2/1/15 – A large and powerful snowstorm affected a large portion of the United States from the Midwest, through the Great Lakes and into the Northeast. Dumping 15-20 inches of snow in a number of areas, packing strong wind gusts, and snowfall at rates of up to 1-2 inches per hour. This was a long duration heavy snow event, which resulted in lots of blowing and drifting, high snowfall accumulations, near blizzard conditions at times, motorists becoming stuck or stranded, a number of accidents and slide offs, and many schools and businesses closing down due to the conditions.
One computer model stood out from the rest several days before, showing a snowstorm set to impact northern areas of the US around Feb 1-2. That model, was the GFS. Over time, the model forecasts trended northward with the snow. Many people were skeptical. I was favoring the northward trend. Then suddenly just a couple of days before the storm, the GFS forecast showed it all south of the area. Within a day or so though, it went right back to showing a large swath of heavy snow across the Great Lakes and other regions in the north. My forecast was for 6-12 inches along the I-94 corridor, and that was blown away by the 15-20 inch amounts. The storm was more intense than expected, and ended up dumping a lot more snow than forecasts were showing.
I was on assignment documenting this snowstorm from my target area, Battle Creek, MI. On the drive down during the early morning hours of Feb 1st, I encountered some light snow already pushing into the area around Ionia, and points southward. This light snow made travel conditions difficult, so I had to slow down which delayed my arrival at my target. I arrived in Battle Creek sometime around 4AM and got a little bit of broken sleep (about 4-6 hours) before heading out later in the day. I awoke to 5-6 inches of snow already on the ground, so I knew that it was going to be a great day for chasing/documenting the snowfall.
I filmed many different scenes throughout the day, including many slow travel scenes, vehicles stuck, stranded, spinning their tires, people shoveling, struggling to get around in the snow and cold. At one point I filmed 3 consecutive plow trucks clearing one of the main roads, and later in the night… 4 consecutive plow trucks! It was snowing heavily in the early afternoon, and the wind was picking up. The snow was piling up and drifting faster than any plow crews could keep up with. As the afternoon wore on, I traveled around Battle Creek filming the carnage in my F-250, which by the way, got through everything without hesitation. I love my 4×4 V8! One thing I notice about big snowstorms like these is the absolute chaos they bring. Half of the road/driving laws go out the window. You’re reduced to just 1 lane in many cases. People are stuck, stranded just everywhere on the roads, near/in intersections, etc. People pulling people out (which I assisted in pulling one guy out) and all sorts of things.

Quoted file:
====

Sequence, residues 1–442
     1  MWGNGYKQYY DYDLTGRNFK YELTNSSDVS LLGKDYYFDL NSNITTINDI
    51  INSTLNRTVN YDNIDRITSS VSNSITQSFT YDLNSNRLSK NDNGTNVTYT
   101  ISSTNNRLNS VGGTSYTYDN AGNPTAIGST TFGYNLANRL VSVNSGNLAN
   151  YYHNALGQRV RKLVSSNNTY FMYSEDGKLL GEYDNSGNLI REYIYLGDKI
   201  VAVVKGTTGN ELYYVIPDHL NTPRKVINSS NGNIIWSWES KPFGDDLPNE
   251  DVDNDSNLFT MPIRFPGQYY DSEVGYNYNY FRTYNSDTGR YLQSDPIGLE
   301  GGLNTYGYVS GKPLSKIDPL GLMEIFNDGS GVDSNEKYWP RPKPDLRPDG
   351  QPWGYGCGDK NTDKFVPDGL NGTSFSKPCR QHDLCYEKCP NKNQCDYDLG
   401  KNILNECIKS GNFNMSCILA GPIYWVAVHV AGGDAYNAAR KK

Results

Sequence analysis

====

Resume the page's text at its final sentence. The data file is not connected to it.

I continued to shoot video well into the late night hours. Folks were really struggling with the snow, because of how heavy it was, and how long/fast it came down. Plow crews were out in full force. County, commercial, and residential. They did a great job clearing away roads and parking lots. All in all, this was an amazing event. I spent many hours battling the elements to capture the video footage and photos below. This was easily a top 5 snowstorm for me. The full video is below, which shows everything notable from the first light snow during my drive, to the craziness that ensued all the way through this event, to the plow crews working hard, to the last scenes of a wrecked SUV being taken away on a wrecker. I hope you enjoy the footage! 🙂 As always, feel free to share this article. (last image is from on my way home the next day)